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Arts festival reflects ancient Silk Road cultures

Wang Kaihao and Hu Meidong
Updated: Nov 9,2015 7:43 AM     China Daily

[Photo/Xinhua]

A landmark arts festival launched by the Ministry of Culture has opened at the starting point of the ancient Maritime Silk Road.

The 14th Asia Arts Festival began in Quanzhou, Fujian province, on Nov 8, and will continue through Nov 15. The city, known as Zayton in ancient times, was the world’s biggest seaport during the Yuan Dynasty (1271-1368).

Delegates and art troupes from 40 countries and regions around the world were represented at the event, which focuses on the traditional art of Asian countries as well as their modern development and legacy.

Quanzhou, China’s hub for traditional marionette performance, will witness 60 performances brought by 25 troupes from China and overseas during the festival. Another planned highlight is a fine art exhibition displaying 250 works of art from 30 countries along the Maritime Silk Road that reflect the local people’s traditional lifestyle.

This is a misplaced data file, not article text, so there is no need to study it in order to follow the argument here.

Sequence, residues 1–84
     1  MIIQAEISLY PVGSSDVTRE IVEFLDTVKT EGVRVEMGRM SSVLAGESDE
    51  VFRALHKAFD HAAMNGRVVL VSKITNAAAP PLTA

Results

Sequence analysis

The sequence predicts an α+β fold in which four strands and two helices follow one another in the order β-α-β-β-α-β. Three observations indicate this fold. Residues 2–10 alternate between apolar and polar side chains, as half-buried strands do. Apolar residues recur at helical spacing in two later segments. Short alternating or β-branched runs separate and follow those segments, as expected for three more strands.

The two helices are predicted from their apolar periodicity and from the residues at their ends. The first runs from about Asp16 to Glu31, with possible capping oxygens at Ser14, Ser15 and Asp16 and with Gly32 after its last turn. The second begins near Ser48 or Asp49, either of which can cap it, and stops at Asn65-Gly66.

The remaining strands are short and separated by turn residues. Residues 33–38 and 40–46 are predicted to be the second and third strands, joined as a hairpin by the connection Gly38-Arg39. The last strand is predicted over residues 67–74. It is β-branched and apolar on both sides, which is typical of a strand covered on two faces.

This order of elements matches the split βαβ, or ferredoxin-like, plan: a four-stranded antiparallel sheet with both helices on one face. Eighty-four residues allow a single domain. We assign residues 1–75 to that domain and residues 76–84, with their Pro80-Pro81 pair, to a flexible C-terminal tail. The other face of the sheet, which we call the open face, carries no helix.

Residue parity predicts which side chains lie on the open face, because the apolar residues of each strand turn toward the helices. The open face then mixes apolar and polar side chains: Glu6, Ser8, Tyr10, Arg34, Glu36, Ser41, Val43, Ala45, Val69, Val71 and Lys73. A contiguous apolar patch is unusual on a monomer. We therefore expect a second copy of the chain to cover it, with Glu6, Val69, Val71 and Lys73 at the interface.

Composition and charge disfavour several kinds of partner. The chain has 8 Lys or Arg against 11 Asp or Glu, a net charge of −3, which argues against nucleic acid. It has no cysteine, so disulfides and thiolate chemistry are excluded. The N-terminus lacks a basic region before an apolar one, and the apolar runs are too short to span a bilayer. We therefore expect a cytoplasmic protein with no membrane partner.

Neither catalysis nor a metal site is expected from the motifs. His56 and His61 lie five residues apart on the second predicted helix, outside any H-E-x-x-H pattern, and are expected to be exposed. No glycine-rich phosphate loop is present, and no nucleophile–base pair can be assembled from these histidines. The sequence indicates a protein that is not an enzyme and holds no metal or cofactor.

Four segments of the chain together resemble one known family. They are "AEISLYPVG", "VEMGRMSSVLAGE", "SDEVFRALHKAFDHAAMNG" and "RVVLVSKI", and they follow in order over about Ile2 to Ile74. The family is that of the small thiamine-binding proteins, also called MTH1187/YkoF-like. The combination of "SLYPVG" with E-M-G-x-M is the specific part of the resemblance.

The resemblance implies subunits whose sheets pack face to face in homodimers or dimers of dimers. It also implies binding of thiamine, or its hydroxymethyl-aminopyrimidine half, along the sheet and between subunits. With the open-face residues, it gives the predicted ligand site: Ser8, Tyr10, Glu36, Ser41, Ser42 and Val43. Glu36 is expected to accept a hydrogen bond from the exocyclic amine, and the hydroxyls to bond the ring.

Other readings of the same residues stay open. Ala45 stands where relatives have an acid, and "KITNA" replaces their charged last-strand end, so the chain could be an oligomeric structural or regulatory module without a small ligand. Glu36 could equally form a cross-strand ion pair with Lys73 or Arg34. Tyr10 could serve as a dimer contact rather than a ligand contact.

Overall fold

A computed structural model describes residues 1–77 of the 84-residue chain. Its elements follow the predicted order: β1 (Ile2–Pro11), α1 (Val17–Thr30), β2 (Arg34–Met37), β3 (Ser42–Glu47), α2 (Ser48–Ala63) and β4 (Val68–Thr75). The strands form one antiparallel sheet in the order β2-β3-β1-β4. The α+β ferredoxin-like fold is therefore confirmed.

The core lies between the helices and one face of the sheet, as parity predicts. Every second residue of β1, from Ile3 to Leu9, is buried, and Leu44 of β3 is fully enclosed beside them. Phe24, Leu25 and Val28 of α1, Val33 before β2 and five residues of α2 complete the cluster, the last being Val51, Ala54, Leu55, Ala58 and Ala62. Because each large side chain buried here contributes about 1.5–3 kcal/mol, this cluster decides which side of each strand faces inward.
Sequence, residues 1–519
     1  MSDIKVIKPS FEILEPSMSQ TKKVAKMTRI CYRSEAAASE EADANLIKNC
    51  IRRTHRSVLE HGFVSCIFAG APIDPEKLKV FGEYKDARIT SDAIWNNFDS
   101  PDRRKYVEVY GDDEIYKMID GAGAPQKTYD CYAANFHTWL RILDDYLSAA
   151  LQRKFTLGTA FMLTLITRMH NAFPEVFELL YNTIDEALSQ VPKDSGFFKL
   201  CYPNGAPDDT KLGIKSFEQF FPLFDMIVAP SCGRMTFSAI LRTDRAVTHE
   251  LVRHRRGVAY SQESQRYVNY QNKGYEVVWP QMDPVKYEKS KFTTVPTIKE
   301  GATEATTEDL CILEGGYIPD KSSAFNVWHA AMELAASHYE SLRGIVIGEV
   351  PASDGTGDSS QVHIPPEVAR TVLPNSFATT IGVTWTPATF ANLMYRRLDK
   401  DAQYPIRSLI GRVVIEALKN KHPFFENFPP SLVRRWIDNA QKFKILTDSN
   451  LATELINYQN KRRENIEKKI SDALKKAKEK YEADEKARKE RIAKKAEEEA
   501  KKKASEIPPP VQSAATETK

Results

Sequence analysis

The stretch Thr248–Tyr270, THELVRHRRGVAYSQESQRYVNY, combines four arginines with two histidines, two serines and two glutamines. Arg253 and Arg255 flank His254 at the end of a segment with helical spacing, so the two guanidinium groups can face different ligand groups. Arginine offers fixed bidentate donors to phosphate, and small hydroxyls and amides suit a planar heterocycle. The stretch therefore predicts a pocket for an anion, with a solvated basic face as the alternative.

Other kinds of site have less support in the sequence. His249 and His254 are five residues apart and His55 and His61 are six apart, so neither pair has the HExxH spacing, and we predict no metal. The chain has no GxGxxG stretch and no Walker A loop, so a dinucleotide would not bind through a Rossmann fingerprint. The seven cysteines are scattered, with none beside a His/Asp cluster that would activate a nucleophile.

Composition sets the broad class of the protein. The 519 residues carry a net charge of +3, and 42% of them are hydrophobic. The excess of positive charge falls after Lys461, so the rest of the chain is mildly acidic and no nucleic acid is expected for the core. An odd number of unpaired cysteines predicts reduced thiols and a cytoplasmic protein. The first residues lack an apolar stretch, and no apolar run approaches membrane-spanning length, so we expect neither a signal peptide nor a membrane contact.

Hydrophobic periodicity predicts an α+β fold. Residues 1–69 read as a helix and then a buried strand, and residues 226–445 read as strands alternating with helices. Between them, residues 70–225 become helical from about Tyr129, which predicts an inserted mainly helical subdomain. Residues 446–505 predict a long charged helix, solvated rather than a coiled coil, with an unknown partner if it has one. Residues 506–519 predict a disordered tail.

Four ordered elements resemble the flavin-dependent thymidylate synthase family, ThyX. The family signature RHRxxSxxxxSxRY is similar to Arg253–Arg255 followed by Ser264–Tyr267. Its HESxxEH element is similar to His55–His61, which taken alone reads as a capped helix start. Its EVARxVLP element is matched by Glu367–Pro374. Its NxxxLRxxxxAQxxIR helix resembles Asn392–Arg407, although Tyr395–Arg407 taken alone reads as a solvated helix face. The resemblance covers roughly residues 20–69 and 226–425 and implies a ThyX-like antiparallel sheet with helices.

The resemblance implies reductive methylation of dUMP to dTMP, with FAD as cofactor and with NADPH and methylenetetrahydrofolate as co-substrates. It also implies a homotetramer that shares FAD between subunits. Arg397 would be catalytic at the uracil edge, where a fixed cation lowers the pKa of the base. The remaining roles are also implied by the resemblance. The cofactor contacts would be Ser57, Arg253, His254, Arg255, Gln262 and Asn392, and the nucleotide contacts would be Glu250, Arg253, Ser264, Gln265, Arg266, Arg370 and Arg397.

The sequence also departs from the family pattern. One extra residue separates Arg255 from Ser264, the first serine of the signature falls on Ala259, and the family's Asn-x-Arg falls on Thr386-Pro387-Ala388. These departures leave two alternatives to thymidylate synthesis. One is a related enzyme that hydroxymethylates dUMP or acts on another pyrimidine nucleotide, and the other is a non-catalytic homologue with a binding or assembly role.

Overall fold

“The arts festival this year will echo China’s Belt and Road Initiative,” said Huang Weizhou, deputy director of the Fujian Cultural Department, a co-organizer of the event.

“Models of cultural exchanges along the ancient route of the Maritime Silk Road will be explored during the festival, also to stimulate Fujian’s cultural trade in the future.”

An international forum on cross-cultural dialogues among countries along the route will be held during the festival. One hundred scholars, community leaders and officials from 20 Asian countries and regions will exchange ideas at the forum on how to establish a common cultural development in Asia.

“The aspirations of the peoples are vital to the construction of the 21st Century Silk Road. ... We should promote people-to-people cultural exchanges,” said Yang Xiuping, secretary-general of the ASEAN-China Center, an intergovernmental organization promoting cooperation.

Also on Nov 8, a 67-hectare theme park displaying the civilizations of Asian countries along the Maritime Silk Road was opened in Quanzhou to serve as a venue for some events. It will remain open after the festival.

The Asia Arts Festival, which began in 1998 in Beijing, is the first State-level international arts festival approved by the State Council.

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